The company's material system is Teflon thermoplastic fluorocarbon resin supplied by DuPont (Wilmington, Del.), teamed with S-2 Glass from AGY (Aiken, S.C.). Various grades of fluorocarbon are currently being assessed. According to DeLong, the system is highly resistant to combustion in an oxygen environment and will not microcrack, because of its low CTE and high strain capability. "The fluorocarbon resin still has 20 percent strain-to-failure at cryogenic temper-ature," he says, citing the greater flexibility exhibited by thermoplastics at low temperature.
Tank design includes three com-ponents: An inner skin of the Teflon/S-2 material to handle contact with the LOX; a core of high-performance Rohacell PMI foam (supplied by Rohm GmbH & Co., Darmstadt, Germany) for both insulation and structural strength; and an outer aeroshell of carbon/epoxy to take the aerodynamic and vibration loads. Even with a thermoplastic matrix, the outer carbon/epoxy aeroshell gives the tank enough strength to act as part of a space vehicle's structure and bear significant loads, says DeLong. No separate metallic or thermoplastic liner is required.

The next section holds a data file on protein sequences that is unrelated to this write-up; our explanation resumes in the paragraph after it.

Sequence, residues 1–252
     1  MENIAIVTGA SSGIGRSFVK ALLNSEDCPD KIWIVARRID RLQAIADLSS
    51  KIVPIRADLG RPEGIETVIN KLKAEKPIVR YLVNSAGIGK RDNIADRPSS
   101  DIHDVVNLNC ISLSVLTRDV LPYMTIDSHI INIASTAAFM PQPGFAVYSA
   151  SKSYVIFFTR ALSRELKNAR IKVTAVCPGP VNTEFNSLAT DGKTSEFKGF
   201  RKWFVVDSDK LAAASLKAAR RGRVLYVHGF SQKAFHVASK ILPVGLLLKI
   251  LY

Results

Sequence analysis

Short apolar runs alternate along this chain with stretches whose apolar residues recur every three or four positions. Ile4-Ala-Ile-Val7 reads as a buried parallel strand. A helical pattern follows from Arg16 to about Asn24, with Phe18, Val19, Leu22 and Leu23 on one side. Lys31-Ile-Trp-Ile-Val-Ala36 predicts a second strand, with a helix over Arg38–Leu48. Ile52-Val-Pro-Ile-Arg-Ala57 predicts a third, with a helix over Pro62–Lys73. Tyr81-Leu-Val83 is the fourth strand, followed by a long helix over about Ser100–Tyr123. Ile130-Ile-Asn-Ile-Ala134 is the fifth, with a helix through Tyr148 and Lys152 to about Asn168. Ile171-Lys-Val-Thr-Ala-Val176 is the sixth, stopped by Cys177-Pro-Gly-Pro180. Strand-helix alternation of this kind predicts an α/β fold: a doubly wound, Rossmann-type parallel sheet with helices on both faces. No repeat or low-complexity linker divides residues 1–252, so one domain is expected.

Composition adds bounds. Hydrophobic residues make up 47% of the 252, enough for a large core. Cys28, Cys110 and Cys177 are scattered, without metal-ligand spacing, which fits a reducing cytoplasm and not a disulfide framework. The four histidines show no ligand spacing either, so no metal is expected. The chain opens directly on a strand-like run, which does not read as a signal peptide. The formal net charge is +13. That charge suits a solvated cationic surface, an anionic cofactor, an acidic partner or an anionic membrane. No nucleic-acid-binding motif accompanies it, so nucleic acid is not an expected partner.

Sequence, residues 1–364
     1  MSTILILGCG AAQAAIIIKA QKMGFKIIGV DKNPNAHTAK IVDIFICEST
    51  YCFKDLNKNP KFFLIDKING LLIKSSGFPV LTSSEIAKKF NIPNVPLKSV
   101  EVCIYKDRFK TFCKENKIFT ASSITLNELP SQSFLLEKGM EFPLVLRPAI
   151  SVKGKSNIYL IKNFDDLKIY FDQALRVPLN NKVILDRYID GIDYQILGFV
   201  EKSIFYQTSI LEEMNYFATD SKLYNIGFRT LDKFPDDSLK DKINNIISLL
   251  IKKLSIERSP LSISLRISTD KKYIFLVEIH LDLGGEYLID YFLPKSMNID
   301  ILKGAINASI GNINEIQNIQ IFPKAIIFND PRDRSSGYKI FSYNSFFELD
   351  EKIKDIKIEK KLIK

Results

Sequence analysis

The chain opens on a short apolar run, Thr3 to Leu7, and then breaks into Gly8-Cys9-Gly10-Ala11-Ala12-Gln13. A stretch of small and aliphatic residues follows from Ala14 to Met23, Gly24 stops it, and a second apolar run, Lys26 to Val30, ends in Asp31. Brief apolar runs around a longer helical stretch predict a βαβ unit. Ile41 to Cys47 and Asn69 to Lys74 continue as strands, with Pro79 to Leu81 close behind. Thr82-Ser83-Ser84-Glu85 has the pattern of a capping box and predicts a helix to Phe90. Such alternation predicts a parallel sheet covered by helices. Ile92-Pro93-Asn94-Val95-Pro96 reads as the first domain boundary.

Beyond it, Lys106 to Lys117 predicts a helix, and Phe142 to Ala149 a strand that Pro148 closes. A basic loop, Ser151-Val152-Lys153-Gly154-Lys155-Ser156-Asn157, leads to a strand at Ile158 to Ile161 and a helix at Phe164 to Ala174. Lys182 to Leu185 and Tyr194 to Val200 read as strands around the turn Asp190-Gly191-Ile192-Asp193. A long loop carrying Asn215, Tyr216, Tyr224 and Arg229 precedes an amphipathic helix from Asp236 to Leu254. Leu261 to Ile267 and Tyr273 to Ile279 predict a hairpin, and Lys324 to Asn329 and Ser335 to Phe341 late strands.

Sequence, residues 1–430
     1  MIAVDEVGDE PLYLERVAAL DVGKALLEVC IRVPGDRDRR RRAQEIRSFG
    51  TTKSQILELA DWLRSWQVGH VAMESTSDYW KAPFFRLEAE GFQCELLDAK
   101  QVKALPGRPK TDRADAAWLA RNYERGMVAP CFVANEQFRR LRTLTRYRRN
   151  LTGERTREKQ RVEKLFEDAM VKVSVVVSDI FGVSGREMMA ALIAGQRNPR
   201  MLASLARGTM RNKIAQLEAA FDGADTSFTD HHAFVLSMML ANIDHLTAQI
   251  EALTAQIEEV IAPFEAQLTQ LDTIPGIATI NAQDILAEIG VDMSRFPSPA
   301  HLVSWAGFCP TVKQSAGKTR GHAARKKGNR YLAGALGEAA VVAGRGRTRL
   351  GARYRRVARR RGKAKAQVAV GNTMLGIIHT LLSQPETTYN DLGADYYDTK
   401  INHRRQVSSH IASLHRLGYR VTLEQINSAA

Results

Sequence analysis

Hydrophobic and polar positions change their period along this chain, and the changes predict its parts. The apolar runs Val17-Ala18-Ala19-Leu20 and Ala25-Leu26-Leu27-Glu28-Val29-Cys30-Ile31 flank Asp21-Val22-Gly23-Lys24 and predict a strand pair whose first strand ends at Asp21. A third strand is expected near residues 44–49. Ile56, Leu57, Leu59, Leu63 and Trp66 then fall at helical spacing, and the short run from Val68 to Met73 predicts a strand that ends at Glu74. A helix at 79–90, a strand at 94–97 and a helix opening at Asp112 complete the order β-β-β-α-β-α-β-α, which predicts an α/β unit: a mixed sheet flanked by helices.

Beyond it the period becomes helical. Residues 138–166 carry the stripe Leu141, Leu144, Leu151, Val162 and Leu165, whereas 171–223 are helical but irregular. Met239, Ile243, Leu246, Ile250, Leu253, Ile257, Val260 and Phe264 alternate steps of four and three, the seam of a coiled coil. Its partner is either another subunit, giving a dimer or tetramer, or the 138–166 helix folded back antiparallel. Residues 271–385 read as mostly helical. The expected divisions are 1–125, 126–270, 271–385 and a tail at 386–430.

XCOR will filament wind over a removable mandrel to make a demonstration tank article large enough to contain 900 kg/2,000 lb of LOX (a capacity of about 1m3). The company uses a proprietary process to convert the fluorocarbon/S-2 into towpreg. Approx-imately three plies will make up the inner skin for a low-pressure tank -- more would be added for higher pressure applications. Core thickness ranges from 6 mm/0.25 inch to several inches, depending on thermal insulation requirements. The aeroshell is designed and wound to fit the particular application as needed, says DeLong. Ancillary parts, such as baffles, sensor mounts and access panels, also could be made with fluorocarbon/S-2, using hand layup of prepreg and a thermoplastic heat-sealing process.